I think what @Christy quoted from Biologos might satisfy that:

“We believe that God typically sustains the world using faithful, consistent processes that humans describe as “natural laws.” Yet we also affirm that God works outside of natural law in supernatural events, including the miracles described in Scripture. In both natural and supernatural ways, God continues to be directly involved in creation and in human history.”

I would show what she quoted to your pastor and seek further clarification.

And for the record, people can claim God never intervened in evolution or point to apparent gaps claiming that he did. I’d say both views are the result of ignorant intellectual hubris. The latter is dangerous and is usually overturned as more evidence is gathered. The former just overstates the evidence based on faulty logic (we primates love patterns). Science works, so we run with it. It to think we can provide an exhaustive, definitive history of every event of the universe going backwards in the past is silly.

A “natural explanation” is not devoid of God. That is a myth of the modern world. For me natural means the world is ordered because God made it so just as Genesis 1 says and it continues to exist and be upheld and operate as such by His will every instant of its being along with everything else that exists. Kind of comes with the territory of an Omni-maximal being IMHO.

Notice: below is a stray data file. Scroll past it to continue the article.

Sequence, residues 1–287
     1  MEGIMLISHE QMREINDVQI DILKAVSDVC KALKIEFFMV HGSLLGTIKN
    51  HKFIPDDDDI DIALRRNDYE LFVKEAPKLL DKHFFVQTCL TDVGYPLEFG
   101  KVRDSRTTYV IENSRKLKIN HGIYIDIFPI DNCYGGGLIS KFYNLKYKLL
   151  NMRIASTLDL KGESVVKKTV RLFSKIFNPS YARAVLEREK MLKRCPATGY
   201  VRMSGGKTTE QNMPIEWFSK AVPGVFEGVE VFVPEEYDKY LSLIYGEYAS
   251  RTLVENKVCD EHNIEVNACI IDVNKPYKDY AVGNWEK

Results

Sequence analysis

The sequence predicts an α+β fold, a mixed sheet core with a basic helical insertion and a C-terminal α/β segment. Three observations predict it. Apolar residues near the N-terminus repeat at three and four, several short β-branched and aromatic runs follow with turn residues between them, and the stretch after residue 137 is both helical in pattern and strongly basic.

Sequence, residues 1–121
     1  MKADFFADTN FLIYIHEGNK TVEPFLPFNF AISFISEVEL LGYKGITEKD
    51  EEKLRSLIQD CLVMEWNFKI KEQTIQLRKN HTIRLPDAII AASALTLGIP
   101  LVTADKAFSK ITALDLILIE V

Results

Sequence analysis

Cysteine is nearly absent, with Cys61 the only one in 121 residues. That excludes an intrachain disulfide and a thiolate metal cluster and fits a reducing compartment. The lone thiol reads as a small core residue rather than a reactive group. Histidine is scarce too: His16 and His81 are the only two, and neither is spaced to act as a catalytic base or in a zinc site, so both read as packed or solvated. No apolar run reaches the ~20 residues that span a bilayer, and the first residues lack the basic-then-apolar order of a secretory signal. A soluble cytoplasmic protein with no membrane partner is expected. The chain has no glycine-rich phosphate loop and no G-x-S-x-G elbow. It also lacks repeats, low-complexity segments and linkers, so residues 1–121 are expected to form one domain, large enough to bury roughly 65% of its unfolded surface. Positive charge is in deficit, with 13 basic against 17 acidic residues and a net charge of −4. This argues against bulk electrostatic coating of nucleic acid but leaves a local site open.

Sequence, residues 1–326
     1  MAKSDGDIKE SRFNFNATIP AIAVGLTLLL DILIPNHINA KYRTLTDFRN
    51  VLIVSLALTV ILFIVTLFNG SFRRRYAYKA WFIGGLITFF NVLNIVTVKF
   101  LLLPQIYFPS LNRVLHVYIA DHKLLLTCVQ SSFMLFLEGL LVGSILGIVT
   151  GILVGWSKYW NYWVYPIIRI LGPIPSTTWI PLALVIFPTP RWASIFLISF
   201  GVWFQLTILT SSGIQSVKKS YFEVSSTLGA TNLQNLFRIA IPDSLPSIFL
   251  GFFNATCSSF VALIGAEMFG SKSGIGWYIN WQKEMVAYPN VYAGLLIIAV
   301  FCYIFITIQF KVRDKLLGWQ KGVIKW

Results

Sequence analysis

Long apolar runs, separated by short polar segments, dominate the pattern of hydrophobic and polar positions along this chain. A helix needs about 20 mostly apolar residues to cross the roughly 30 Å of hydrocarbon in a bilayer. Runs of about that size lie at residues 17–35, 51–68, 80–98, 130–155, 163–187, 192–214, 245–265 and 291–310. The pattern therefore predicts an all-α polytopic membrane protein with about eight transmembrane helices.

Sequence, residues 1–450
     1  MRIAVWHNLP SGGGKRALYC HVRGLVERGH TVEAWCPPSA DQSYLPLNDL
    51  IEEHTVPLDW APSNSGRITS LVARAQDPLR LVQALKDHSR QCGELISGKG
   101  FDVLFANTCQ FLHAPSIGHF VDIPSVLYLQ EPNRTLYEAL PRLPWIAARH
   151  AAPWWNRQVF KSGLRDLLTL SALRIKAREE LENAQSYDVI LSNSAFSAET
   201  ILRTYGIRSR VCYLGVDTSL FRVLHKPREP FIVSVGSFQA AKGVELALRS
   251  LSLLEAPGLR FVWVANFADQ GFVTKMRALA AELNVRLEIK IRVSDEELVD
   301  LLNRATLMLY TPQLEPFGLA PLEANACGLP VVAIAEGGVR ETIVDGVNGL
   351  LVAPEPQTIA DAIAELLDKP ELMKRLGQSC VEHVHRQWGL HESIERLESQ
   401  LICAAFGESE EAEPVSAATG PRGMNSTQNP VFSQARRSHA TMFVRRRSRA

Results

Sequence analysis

Don’t get bogged down by “randomness” in nature. If reality were truly “random” at its deepest level, science would be difficult. It’s the ordered and consistent nature of the world that allows science to work and be tested.

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I’d like to hear how it would go if you checked out the Orthodox!

Or if the Church is truly God’s church and He left us the Holy Spirit after Christ ascended, shouldn’t it have a central authority?